• Page 16 of 22 then had to call up an emergency meeting and re-divide the work. Finally, we put our work together and rechecked everything. From this we learned that we should read the requirements very carefully before starting the work. Overall, we have learned to co-operate with fellow team members and have gained valuable presentations skills. Even though there had been confusions and difficulties in completing the work, we learned to manage our time and meet the deadlines.
  • Page 17 of 22 References Breaking News 2013. Tesco reveals staggering amount of food waste in its operations. Breaking News [Online], 21st October. Available from: http://www.breakingnews.ie/world/tesco-reveals-staggering-amount-of-food-waste-in-its- operations-610781.html [Accessed 15th December 2013]. Burke, R. 2013. Rethink at Tesco as profits drop and the great space race stops. The Irish Independent [Online], 21st April. Available from: http://www.independent.ie/business/irish/rethink-at-tesco-as-profits-drop-and-the-great- space-race-stops-29210680.html [Accessed 28th November 2013]. Burke-Kennedy, E. 2013. Superquinn brand to be dropped by new owners. The Irish Times [Online], 7th August. Available from: http://www.irishtimes.com/business/economy/ireland/superquinn-brand-to-be-dropped-by- new-owners-1.1487145 [Accessed 1st December 2013]. Butler, S. 2013. Every little hurts: Tesco’s battle to regain markets and reputation. The Guardian [Online], 29th September. Available from: http://www.theguardian.com/business/2013/sep/29/tesco-recovery-strategy-markets- reputation [Accessed 12th December 2013]. Computer Weekly 2013. Tesco uses big data to cut cooling costs by up to €20m [Online]. Available from: http://www.computerweekly.com/news/2240184482/Tesco-uses-big-data-to- cut-cooling-costs-by-up-to-20m [Accessed 11th December 2013]. Dennys, H. 2013. Tesco turns to tablet in attempt to reverse expected sales drop. [Online], 1st December. Available from: http://www.telegraph.co.uk/finance/newsbysector/retailandconsumer/10487154/Tesco-turns- to-tablet-in-attempt-to-reverse-expected-sales-drop.html [Accessed 14th December 2013]. Dunnhumby 2009. Winning with Dunnhumby [Online]. Available from: http://www.tescoplc.com/files/pdf/Events/winning_with_dunnhumby___clive_humby.pdf [Accessed 19th December 2013]. Early Stage Tech Boards 2013. Strategic Planning [Online]. Available from: http://earlystagetechboards.com/3-12-strategic-planning [Accessed 3rd December 2013].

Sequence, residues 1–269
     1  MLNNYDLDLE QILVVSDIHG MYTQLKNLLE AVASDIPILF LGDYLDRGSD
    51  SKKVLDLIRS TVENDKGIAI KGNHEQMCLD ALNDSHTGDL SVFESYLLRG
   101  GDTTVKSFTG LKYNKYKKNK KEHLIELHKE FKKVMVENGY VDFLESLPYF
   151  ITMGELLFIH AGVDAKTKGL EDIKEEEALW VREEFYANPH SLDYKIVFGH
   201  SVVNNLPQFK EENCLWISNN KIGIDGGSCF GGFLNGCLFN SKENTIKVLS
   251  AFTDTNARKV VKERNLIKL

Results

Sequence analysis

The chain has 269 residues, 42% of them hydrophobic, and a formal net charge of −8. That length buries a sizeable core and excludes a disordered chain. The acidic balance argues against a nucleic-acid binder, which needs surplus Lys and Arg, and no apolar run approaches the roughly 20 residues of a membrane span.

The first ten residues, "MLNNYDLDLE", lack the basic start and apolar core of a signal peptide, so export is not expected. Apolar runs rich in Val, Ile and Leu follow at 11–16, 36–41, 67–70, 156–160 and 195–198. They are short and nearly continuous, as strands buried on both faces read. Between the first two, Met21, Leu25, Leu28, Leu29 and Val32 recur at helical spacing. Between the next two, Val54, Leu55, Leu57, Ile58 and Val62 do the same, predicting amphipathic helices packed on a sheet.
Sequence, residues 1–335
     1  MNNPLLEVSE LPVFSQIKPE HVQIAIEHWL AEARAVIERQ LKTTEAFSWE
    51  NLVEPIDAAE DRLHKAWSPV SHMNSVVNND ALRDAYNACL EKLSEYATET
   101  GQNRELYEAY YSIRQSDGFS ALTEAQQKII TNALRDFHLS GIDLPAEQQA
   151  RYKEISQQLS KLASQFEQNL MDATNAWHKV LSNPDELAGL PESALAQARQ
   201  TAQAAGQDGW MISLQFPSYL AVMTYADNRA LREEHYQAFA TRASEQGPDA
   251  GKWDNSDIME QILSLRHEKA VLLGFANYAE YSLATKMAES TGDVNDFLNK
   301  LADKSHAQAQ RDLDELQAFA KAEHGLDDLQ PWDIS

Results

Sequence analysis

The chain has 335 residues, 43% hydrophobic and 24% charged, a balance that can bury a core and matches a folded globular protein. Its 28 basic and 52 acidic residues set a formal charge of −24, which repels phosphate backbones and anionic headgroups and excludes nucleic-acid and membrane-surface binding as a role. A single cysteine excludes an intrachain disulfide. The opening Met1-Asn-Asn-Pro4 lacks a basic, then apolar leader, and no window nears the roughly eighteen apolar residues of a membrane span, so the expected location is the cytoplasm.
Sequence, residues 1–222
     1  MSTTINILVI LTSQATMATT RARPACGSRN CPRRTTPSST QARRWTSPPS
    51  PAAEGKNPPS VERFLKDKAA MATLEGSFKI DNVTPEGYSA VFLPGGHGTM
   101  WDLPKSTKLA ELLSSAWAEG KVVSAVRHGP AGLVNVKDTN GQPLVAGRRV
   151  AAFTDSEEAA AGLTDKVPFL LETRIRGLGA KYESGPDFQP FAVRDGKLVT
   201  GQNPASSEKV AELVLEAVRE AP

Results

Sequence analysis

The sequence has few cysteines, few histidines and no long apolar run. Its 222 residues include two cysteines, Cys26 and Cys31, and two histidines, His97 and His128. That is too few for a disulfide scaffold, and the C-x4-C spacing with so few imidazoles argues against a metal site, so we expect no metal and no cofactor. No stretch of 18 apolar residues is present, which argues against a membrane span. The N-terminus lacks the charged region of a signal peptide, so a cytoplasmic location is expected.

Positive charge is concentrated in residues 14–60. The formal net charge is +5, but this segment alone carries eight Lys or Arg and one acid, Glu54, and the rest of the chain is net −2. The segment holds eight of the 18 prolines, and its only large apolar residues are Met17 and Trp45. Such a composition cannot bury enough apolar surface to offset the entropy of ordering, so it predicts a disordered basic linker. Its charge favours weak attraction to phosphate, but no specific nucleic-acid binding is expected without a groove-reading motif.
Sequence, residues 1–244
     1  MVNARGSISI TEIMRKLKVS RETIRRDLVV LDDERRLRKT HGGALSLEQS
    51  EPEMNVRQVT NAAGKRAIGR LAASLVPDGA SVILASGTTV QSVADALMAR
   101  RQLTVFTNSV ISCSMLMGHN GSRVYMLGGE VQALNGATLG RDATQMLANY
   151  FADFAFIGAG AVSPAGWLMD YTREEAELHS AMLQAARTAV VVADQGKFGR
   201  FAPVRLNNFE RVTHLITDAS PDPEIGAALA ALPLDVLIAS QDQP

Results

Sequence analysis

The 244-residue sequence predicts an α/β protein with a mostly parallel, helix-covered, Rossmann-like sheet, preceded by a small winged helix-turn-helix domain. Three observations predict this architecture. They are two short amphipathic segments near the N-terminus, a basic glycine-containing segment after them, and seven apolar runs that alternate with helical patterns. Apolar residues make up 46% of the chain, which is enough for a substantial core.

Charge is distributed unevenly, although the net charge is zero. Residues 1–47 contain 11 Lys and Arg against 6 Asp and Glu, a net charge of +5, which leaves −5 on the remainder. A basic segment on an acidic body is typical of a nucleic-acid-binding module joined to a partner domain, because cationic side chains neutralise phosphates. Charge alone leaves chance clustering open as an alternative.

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  • Page 19 of 22 Jones, R. 2013. Tesco Clubcard fraud tale could be tip of iceberg. Daily Mail [Online], 30th November. Available from: http://www.theguardian.com/money/2013/nov/30/tesco-clubcard- fraud-stolen-vouchers [Accessed 4th December 2013]. Lawrence, F. 2013. Horsemeat scandal: where did the 29% horse in your Tesco burger come from? The Guardian [Online], 22nd October. Available from: http://www.theguardian.com/uk-news/2013/oct/22/horsemeat-scandal-guardian-investigation- public-secrecy [Accessed 16th December 2013]. Lunden, I. 2013. UK’s Tesco Starts ‘Close Cooperation’ with Samwers’ Rocket Internet, leads $250m round in Lazada [Online]. Available from: http://techcrunch.com/2013/12/09/uks-tesco-starts-close-cooperation-with-samwers-rocket- internet-leads-250m-round-in-lazada/ [Accessed 9th December 2013]. Master, N. 2013. Tesco Improves supply chain with big data, automated data collection. [Online]. Available from: http://www.rfgen.com/blog/bid/285148/Tesco-Improves-Supply- Chain-with-Big-Data-Automated-Data-Collection [Accessed 19th December 2013]. Mulligan, J. 2013. Tesco loses €400m in battle with Lidl and Aldi. The Irish Independent [Online], 5th December. Available from: http://www.independent.ie/business/irish/tesco- loses-400m-in-battle-with-aldi-and-lidl-29810978.html [Accessed 14th December 2013]. Newenham, P. 2013. Tesco loses market share to Aldi, Dunnes Stores and Lidl. The Irish Times [Online], 26th November. Available from: http://www.irishtimes.com/business/sectors/retail-and-services/tesco-loses-market-share-to- aldi-dunnes-stores-and-lidl-1.1607076 [Accessed 4th December 2013]. O’Reilly, J. 2013. Tesco tests longer reefer trailers [Online]. Available from: http://www.inboundlogistics.com/cms/article/global-logistics-january-2013/ [Accessed 10th December 2013]. Papworth, J. 2013. How safe are your Tesco clubcard vouchers. The Guardian [Online], 22nd November. Available from: http://www.theguardian.com/money/2013/nov/22/how-safe- tesco-clubcard-vouchers [Accessed 18th December 2013]. Quinn, I. 2012. Scan-as-you-shop technology set to roll out across Tesco. The Grocer [Online], 29th September. Available from: http://www.thegrocer.co.uk/topics/technology-and-